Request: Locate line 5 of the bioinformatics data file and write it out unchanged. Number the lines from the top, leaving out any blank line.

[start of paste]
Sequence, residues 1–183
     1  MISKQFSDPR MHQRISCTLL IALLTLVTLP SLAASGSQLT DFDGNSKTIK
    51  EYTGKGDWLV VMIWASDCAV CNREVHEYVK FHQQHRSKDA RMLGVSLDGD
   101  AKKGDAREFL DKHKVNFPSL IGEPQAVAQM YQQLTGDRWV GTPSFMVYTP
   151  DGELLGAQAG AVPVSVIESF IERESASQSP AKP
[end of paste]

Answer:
   151  DGELLGAQAG AVPVSVIESF IERESASQSP AKP